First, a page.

Enough rainwater can be harvested from an average house downpipe to supply a 3000L tank connected to the toilets and laundry. By ‘average’ we mean a downpipe from a gutter that’s collecting water off 30-40 sqm of roof. A downpipe off a narrow setback roof or a porch for example isn’t going to supply that much water and would be more suited to a smaller tank.


Installations designed to maximise the use of rainwater will be more effective taking water from two or more downpipes into a 5000-6000L tank. If the tank is supplying a hot water system then a decent catchment area is important to be able to refill the tank quickly during light rain (i.e. in normal conditions).


If you wish to harvest rainwater off the entire roof this is done by connecting all the downpipes to an underground collector that runs into the tank. This will work with a normal surface tank so long as the entry point to the tank is at least 300-400mm below the gutters. Installing a ‘wet’ or ‘charged’ system that works well is rather more complex than a simple pipe straight into the top of the tank – ask us for help.


Many people have an issue finding a space next to a downpipe that’s large enough for the size of water tank they need. There are several ways to solve this:

1.  Find another location for the tank  There is often more than one alternative, maybe using a different shape or size of tank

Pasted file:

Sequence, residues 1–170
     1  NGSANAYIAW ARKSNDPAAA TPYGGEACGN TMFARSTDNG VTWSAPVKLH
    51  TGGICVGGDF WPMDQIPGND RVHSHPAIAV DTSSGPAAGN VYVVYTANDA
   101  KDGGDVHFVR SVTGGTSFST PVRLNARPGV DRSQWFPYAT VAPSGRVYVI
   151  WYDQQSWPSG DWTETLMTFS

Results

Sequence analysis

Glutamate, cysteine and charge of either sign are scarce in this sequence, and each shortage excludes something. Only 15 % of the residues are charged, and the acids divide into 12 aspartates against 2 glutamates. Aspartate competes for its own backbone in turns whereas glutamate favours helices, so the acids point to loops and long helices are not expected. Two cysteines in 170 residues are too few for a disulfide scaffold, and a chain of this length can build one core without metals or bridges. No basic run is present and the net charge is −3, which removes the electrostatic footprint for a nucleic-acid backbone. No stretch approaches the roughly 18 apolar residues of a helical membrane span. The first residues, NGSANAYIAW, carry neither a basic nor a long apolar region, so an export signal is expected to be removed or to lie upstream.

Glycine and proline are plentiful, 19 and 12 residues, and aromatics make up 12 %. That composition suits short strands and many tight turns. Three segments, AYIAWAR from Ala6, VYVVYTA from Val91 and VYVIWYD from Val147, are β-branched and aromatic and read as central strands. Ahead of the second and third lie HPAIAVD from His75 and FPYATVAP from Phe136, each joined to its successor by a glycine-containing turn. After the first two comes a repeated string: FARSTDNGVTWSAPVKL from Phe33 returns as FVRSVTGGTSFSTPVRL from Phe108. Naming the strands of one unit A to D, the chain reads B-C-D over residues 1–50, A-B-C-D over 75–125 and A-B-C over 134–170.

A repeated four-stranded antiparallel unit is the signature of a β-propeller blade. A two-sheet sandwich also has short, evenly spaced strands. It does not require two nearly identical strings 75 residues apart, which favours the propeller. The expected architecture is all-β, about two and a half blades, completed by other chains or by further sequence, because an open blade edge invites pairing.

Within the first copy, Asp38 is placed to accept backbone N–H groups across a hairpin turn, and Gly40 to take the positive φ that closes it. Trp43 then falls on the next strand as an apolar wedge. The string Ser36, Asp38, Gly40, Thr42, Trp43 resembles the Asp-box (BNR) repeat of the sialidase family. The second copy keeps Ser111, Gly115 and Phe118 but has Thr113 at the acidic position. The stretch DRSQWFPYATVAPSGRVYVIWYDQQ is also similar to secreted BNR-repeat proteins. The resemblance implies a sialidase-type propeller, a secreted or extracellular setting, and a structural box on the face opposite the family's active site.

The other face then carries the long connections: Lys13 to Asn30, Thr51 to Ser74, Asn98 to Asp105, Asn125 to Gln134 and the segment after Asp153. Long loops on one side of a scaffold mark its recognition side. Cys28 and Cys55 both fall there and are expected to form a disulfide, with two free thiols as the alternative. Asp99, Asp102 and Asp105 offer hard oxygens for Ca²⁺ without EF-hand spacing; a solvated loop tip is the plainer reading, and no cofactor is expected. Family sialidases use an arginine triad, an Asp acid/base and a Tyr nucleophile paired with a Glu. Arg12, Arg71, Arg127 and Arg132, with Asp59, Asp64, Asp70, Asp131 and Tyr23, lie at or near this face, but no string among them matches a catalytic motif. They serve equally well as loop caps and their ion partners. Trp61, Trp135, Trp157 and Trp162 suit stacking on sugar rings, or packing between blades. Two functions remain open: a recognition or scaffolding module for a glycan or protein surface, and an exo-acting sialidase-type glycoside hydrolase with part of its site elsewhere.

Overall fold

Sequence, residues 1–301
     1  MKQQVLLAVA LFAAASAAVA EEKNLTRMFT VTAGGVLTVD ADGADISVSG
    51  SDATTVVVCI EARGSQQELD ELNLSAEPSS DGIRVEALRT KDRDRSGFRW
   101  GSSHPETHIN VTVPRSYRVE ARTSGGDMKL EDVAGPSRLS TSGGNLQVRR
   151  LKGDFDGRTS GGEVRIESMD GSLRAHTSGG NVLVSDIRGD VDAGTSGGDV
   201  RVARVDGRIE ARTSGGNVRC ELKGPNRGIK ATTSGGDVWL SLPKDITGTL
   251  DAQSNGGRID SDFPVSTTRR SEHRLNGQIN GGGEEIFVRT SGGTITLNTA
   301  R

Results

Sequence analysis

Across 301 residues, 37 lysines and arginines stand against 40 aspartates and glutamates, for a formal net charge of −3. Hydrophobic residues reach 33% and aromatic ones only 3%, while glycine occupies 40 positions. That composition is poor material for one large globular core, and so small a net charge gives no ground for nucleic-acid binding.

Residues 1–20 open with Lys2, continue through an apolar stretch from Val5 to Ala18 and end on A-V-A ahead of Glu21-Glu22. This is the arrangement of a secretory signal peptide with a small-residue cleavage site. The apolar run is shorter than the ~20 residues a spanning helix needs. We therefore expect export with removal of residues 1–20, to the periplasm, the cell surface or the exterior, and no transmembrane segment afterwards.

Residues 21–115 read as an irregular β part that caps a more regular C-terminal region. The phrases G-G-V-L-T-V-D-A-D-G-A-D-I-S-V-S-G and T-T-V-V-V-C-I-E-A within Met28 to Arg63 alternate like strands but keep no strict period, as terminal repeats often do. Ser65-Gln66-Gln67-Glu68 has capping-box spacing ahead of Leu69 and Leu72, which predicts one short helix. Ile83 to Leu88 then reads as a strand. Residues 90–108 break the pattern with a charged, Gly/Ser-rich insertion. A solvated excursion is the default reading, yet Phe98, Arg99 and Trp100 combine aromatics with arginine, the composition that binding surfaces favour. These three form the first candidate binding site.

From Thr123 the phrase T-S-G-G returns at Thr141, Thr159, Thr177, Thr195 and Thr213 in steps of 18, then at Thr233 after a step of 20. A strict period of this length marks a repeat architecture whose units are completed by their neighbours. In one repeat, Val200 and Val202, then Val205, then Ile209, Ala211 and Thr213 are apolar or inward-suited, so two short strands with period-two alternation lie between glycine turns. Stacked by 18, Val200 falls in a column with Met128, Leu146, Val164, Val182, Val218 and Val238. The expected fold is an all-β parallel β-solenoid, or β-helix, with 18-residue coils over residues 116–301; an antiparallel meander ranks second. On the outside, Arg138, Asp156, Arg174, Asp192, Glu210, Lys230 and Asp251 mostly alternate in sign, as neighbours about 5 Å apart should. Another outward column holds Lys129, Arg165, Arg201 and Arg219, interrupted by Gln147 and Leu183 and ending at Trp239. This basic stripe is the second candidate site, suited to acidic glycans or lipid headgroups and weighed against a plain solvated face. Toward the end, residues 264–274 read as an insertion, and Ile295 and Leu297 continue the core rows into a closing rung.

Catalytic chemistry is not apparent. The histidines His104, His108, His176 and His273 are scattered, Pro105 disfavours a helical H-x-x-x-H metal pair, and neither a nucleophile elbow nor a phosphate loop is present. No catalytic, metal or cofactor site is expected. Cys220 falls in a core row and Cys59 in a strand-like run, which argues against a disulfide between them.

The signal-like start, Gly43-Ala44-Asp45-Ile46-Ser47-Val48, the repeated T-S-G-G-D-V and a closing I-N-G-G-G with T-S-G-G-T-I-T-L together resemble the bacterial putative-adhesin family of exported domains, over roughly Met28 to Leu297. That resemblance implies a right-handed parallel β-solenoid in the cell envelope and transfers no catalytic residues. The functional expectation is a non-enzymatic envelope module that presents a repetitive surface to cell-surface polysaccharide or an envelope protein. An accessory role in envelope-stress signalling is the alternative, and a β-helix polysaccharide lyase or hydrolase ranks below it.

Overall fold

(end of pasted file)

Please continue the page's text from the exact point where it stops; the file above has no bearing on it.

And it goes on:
2.  Run the downpipe along the wall to a better spot  Inexpensive, but often looks messy, and won’t work on all homes
3. Move the tank away from the wall – against the fence for example Pipe can span across a path (much further than a metre and it’ll start to sag over time)
4. Run the pipe underground and then up into the tank Works well and distance is not a problem but the pipe does remain ‘charged’ or full of water and the system must be carefully designed.

For a large tank draining most or all of the house roof this is generally the only practical option

Did you know? Enough rain falls on the roof of an average Perth house roof to be self-sufficient in water – if only it could all be stored! 

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